Each day when I pick my kids up from school, the first question I ask them is “What happened on the playground today?” As a playful spirit and former PE teacher, I am always curious about the most fun parts of the school day and what they learned from it. Growing up, I loved school. I loved learning new concepts and meeting new people, but no matter what grade I was in, recess was my favorite part of the day, then PE, and then after-school athletics as I got older. There was something about physical activity during the school day that made sitting in a desk somewhat bearable. Fast forward a couple of decades and you’ll find across the country, there is a growing trend to cut back on the amount of time children spend at recess for more serious pursuits like standardized test preparation. What happened? And if these are top-down policy changes, what can parents do to combat the fallout of this epidemic?
Schools administrators are in the difficult position of cramming as much learning into the day as possible, often at the expense of recess, “specials” (art, PE, lab, music), and extracurricular activities. According to the 2010 “State of Play,” a Gallup Poll of approximately 2,000 U.S. principals, 40% of U.S. school districts reduced or eliminated recess in order to free up more time for core academics. In fact, 20% of surveyed principals admitted to cutting recess time in exchange for preparation for yearly state mandated assessment tests. What was most fascinating was that these principals actually believed in the benefits of recess. More than 80% of principals reported that recess had a positive impact on academic achievement. Two-thirds of surveyed principals reported their students listen better after recess and are more focused in class.
If we know that play is a critical component to healthy human development, how can parents combat the inevitable reduction of play in schools across the country? I discussed this with Anna Yudina, Director of Marketing Communications for the Toy Industry Association and spokesperson for The Genius of Play. Anna has been a champion for The Genius of Play ever since the movement launched last year and had great insight into how parents can increase play at home to offset its disappearance in schools.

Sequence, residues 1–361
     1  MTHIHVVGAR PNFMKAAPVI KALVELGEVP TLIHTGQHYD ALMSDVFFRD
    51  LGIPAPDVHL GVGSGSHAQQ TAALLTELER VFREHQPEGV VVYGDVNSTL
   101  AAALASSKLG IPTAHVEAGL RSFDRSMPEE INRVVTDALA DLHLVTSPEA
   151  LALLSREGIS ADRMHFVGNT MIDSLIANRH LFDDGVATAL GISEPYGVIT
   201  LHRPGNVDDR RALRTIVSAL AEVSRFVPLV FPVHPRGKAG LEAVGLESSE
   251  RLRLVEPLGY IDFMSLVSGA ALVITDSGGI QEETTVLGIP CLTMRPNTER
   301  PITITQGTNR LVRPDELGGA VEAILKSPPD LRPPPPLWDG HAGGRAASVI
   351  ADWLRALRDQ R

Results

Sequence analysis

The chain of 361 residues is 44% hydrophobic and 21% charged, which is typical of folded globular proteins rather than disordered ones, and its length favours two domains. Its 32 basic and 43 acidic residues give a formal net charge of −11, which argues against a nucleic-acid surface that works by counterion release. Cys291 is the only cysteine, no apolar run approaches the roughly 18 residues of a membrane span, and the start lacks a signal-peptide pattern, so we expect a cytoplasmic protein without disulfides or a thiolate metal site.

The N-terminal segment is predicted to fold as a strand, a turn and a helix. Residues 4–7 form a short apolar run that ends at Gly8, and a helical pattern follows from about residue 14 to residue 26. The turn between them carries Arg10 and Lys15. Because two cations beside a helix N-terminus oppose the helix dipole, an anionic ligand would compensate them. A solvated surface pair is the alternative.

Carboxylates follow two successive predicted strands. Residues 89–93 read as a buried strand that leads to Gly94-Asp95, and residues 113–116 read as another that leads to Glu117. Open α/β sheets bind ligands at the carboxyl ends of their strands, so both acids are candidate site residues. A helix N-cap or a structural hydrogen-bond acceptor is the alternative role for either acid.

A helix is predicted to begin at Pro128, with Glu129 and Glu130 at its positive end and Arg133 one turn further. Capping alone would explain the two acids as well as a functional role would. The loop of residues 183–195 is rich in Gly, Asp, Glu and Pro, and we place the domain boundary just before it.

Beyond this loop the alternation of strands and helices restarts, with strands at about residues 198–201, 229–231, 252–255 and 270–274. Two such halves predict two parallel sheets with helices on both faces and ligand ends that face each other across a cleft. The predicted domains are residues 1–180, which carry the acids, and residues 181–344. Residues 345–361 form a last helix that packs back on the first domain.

Amber: What are adults generally missing in regard to the importance of play?
Anna: Many adults aren’t making the positive correlation between play and its developmental benefits because they think that they’re wasting time. But play is not only fun, it’s critical for physical, emotional, and cognitive well-being. The best way to teach values is through play. For example, empathy is an abstract idea for 5-year-olds. Through imaginative play with dolls and stuffed animals, 5-year-olds learn empathy and kindness, how to take care of others, and how to incorporate this new concept into their daily life. Play is a tremendous opportunity to influence how today’s kids will turn out as adults.
Amber: Why is recess important to the Genius of Play?
Anna: This is a ho topic and there's a lot of research around recess. The Genius of Play works to bring more play to each child’s life and recess is one form of play. Our communications are designed to educate parents, teachers, and caregivers around the importance of play. Advocating for recess in schools is our way of supporting the social, cognitive, emotional, and interpersonal learning that happens naturally when kids play.